December 3, 2017

Written by: David J. Goldsmith

David J. Goldsmith discusses important considerations and best practices for plaintiffs’ counsel seeking to settle a class action.

Q: Given that the majority of class actions ultimately settle before going to trial, what are the key considerations for class counsel involved in settlement negotiations?
A: Careful preparation of the case for settlement negotiations, the nature and scope of which will depend on the stage of the litigation, is key. Class counsel should:

  • Select a respected, experienced mediator. Counsel should seek a mediator who is fair, experienced with the type of class case at issue (such as securities fraud, mass torts, or consumer class actions), and, ideally, known to the court. A mediator’s credibility depends on his ability to get the parties to reach an accord, and that means any good mediator will extract concessions from both sides.
  • Estimate the recoverable damages under various scenarios, generally with the assistance of a qualified consulting expert. For example, counsel may assess possible damages figures based on an assumption that a jury will find for the plaintiffs on all of their claims (a “pie-in-the-sky” figure) or an assumption that there will be an adverse ruling on certain claims or factual or legal issues. If the damages methodology itself is at issue, counsel may calculate alternative damages figures based on various assumptions and inputs. Which damages figures class counsel discloses to the mediator and to the defendants is an important strategic decision. In some cases, counsel will submit their pie-in-the-sky figure to both the mediator and the defendants, but will disclose alternative calculations only to the mediator on a confidential basis.
  • Consider the available sources of recovery. In addition to researching the defendants’ general ability to pay a settlement or judgment, class counsel should learn as much as possible about the defendants’ applicable insurance coverage. The insurance policies carried by the defendant make up what is known as the insurance “tower.” Counsel should understand the layers of coverage in the tower, as well as how much money has been drawn down in defense costs. In federal cases, obtaining this information is relatively straightforward because defendants must produce insurance policies as part of their initial disclosures (Federal Rule of Civil Procedure (FRCP) 26(a)(1)(A)(iv)).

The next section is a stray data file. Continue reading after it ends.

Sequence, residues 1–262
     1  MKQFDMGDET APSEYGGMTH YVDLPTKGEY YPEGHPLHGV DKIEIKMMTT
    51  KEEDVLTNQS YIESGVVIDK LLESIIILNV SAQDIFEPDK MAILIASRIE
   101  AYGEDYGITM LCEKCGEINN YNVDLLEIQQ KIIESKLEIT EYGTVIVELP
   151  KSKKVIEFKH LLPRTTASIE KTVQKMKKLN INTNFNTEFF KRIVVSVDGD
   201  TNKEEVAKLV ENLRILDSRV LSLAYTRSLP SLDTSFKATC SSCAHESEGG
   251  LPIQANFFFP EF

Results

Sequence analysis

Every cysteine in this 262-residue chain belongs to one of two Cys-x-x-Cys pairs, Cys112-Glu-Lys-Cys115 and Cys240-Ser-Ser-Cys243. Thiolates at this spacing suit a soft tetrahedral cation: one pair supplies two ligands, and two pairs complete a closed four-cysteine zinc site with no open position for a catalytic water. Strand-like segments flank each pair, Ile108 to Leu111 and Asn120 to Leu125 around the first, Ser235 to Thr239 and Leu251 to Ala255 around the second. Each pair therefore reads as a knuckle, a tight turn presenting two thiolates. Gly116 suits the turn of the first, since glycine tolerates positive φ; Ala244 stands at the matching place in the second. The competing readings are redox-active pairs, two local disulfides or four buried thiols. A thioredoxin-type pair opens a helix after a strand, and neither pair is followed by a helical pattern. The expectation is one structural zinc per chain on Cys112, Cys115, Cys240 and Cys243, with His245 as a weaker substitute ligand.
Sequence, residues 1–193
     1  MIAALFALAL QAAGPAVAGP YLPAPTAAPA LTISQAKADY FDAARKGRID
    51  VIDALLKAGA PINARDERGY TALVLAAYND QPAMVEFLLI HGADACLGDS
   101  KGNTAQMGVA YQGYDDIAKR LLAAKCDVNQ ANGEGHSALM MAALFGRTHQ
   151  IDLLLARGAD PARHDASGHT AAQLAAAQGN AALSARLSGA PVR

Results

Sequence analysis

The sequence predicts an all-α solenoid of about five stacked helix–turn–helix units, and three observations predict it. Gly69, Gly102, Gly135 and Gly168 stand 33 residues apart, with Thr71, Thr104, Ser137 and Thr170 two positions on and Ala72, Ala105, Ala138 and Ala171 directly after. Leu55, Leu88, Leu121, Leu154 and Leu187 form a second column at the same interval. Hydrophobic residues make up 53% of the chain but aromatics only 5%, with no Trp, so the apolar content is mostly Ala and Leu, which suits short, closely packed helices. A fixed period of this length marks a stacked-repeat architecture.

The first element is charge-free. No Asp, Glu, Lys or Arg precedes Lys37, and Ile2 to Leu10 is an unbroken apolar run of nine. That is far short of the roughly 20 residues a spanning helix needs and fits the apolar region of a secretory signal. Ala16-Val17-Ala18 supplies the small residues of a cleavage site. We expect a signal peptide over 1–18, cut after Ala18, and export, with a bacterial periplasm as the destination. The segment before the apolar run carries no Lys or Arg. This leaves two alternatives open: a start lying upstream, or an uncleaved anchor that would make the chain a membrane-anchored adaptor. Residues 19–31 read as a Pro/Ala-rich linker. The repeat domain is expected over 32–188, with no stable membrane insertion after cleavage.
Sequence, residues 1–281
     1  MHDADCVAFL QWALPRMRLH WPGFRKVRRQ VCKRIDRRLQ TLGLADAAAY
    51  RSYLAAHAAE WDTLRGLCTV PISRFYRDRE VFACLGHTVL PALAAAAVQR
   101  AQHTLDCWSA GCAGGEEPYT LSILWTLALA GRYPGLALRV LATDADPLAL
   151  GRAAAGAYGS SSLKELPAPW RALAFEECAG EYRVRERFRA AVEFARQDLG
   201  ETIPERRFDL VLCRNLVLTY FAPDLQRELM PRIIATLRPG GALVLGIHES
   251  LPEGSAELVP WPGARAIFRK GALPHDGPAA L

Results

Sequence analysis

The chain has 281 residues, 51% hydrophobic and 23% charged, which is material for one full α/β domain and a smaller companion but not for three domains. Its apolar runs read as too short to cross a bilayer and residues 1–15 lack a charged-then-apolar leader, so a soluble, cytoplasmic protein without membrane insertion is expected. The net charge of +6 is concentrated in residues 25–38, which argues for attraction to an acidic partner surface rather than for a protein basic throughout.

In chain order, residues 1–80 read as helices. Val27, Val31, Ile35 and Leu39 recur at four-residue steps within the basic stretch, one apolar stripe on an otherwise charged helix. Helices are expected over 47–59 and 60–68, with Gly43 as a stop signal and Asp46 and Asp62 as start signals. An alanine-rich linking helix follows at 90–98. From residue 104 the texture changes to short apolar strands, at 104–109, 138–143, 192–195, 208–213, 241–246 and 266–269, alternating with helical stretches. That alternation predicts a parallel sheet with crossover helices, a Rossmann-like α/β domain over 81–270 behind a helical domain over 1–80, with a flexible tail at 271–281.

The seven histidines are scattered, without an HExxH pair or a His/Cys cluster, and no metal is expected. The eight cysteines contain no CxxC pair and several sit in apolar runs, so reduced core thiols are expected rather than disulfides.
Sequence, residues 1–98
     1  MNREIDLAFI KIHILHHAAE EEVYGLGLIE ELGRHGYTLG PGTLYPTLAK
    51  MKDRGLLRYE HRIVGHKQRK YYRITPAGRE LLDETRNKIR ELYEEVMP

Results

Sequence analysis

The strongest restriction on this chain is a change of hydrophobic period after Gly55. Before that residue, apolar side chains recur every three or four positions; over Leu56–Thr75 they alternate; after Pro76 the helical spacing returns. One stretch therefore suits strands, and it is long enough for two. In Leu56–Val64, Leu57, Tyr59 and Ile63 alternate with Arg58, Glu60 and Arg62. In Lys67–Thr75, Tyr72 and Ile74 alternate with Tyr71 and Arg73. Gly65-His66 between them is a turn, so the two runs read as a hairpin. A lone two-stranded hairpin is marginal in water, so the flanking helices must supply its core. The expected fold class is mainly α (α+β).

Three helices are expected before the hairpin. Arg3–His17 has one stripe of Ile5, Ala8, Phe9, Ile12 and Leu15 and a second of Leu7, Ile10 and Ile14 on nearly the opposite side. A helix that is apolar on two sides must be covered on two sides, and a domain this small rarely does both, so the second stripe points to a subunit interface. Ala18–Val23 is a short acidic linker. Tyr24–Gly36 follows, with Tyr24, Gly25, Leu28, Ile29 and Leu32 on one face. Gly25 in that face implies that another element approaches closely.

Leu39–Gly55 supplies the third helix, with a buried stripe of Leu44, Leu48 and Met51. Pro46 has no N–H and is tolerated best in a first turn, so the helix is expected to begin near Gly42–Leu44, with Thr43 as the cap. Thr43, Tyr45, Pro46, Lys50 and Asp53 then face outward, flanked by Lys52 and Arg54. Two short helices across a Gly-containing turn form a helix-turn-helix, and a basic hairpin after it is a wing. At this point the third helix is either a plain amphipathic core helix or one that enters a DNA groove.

• Learn as much as possible about the case. If formal discovery has not yet begun, class counsel should meet and confer with defense counsel for the production of specified and perhaps targeted categories of nonpublic documents for mediation purposes.

Q: What strategies should class counsel consider when seeking court approval of a class action settlement?
A: Class counsel entering the settlement approval process should know their “hook,” meaning a headline-level explanation of why a proposed settlement is fair. The hook should focus on two or three essential reasons, specific to the facts and circumstances of the case, why the settlement is fair, reasonable, and adequate in light of the risks, costs, and duration of continued litigation. For example:

  • The settlement amount is a robust percentage of the maximum recoverable damages as compared to cases of similar magnitude.
  • The settlement amount compares favorably to a settlement recently approved in a factually similar case.
  • The parties settled on the eve of trial.
  • The defendants could not likely fund a substantially larger settlement.
  • An experienced mediator recommended that the parties settle at that level after informed, arm’s-length negotiations.

Class counsel should try to avoid generic reasons like “class action litigation is complex and unpredictable.” Having a clear, persuasive hook will be invaluable when preparing written submissions in support of the settlement, responding to any objections, and arguing why the settlement should be approved.

Q: What strategies should class counsel consider when seeking an award of attorneys’ fees?
A: In addition to researching the law governing fee awards in the relevant jurisdiction (generally, federal circuit or state appellate district law), class counsel should research the fee award decisions of the particular judge in previous class actions. Because fee awards are committed to the court’s discretion, many judges have their own consistently and sincerely held views on fee awards, and will be skeptical of class counsel who seek fees that are higher than those the judge has previously awarded. If counsel have legitimate reasons to seek a materially greater fee, they should be prepared to explain why: